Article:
Important information for patients and the public
Thank you for your interest in COVID-19 vaccine research.
The Pfizer/BioNTech, Oxford/AstraZeneca and Moderna vaccines are now being rolled out across the UK.
These developments are a tribute to the global efforts of the life sciences industry, researchers and volunteers, underlining the importance of this vaccine research. It is thanks to you and all those involved, that we have this encouraging news about vaccines.
It is important that clinical trials into a number of other COVID-19 vaccines continue. Different vaccines work in different ways and we still need to collect important information about which vaccines work best, and are best for different groups of people, and on exactly how effective they are at, for example, preventing severe infection, preventing infection as a whole, preventing transmission etc. We also need information on matters such as the best way to use vaccines, the number of doses, and to check long term that there are no safety concerns.
Keep taking part
It is really important that people keep taking part in all the COVID-19 studies, attending their follow-up appointments and submitting data on their health and COVID infections. We need volunteers to join new studies and existing studies are not yet complete, and we need the long term data to help us understand how best to use the vaccines, which are most effective and to give information on the levels of effectiveness, as well as reassurance on long term safety of them.
Here are some answers to questions you might have about what these developments mean for the clinical study you are taking part in.
Approved COVID-19 Vaccines
Participants on some vaccine trials may have been offered an active vaccine or a placebo (that offers no protection against COVID-19). Now approved vaccines are available from the NHS, we want to make sure participants are not put at a disadvantage, and are able to have protection as quickly as possible, while still gathering important data on the effectiveness of the trial vaccines. Arrangements are being put in place so that all participants can receive an active vaccine, together with extra monitoring in the trial environment. The trial team will be able to collect further data that will help demonstrate effectiveness. This is being done through a crossover trial appointment. The crossover trial will offer you the active vaccine being tested on your trial, and will be provided through the trial team rather than the normal NHS vaccine deployment.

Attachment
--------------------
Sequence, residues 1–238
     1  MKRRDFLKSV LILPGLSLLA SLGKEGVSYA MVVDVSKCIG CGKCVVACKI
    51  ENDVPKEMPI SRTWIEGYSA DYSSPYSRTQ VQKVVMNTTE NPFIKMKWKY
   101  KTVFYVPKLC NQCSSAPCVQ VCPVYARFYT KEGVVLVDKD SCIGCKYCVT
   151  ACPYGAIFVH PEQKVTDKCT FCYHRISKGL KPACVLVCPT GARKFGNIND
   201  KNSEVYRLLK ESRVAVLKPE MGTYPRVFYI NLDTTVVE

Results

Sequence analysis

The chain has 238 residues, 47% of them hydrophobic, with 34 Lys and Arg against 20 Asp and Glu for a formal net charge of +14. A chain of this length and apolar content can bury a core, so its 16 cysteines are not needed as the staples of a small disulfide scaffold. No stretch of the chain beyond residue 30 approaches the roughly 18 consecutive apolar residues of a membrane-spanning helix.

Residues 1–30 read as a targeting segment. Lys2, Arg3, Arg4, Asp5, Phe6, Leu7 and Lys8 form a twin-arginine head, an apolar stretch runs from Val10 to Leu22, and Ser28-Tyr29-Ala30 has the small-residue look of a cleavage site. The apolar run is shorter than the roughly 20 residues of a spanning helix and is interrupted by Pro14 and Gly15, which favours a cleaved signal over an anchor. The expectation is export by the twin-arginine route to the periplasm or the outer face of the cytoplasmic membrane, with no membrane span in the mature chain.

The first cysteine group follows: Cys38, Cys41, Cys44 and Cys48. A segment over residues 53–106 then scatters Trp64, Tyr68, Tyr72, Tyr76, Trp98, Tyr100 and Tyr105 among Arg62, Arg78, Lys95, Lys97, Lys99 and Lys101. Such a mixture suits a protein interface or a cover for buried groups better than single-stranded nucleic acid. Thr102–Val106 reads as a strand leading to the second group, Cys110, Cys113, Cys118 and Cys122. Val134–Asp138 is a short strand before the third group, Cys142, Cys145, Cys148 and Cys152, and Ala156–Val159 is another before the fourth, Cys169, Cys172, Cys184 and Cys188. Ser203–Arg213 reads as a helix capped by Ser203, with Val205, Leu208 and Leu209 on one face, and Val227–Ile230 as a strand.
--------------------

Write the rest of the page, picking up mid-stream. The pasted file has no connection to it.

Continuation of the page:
At your next trial visit (or sooner if you have already been offered the deployed vaccine), you will be offered an active vaccine if you received the placebo (dummy vaccine) initially. The trial team will contact you to offer you an appointment. If you are not called before you are offered a deployed vaccine, you can contact the trial team, who will make you an appointment. Older participants or those who are eligible for the deployed vaccine now are being prioritised. You still have the choice to unblind (find out whether you have had the active trial vaccine or a placebo) and if you had the placebo, you can choose to book an appointment with the NHS for an approved vaccine.
I’m in a special sub-group, an earlier phase trial or the monoclonal antibody studies. Does this advice apply to me?
There may be different advice for people on some of the special or earlier phase trials. In particular, people on earlier phase trials where there isn’t the same amount of information available about the likely effectiveness of the trial vaccine may be advised to have the approved vaccine on top of the trial vaccine. If you have had the monoclonal antibodies (Provent or Stormchaser trials), it is important that you speak to the trial team for further advice.
Yes, the trials will continue because we need data about a number of different vaccines and their safety and effectiveness, in order to protect the population.
We need several vaccines to ensure an adequate supply and because some vaccines may be easier to transport and store than others. We need further data on whether one or other vaccine is better suited to specific groups of people, such as older people or people with other medical conditions, and all the trials are giving information on safety, which is so important to gather.
Thank you for your participation - it is thanks to people taking part in trials that we now have approved vaccines.
The NHS are contacting people in an agreed priority order in the coming weeks and months to be vaccinated. We would want everyone taking part in the trials to be protected, alongside the rest of the population. Your safety is our highest priority. Processes are being put in place within studies to make sure trial participants are protected either through the approved vaccine or the trial vaccine.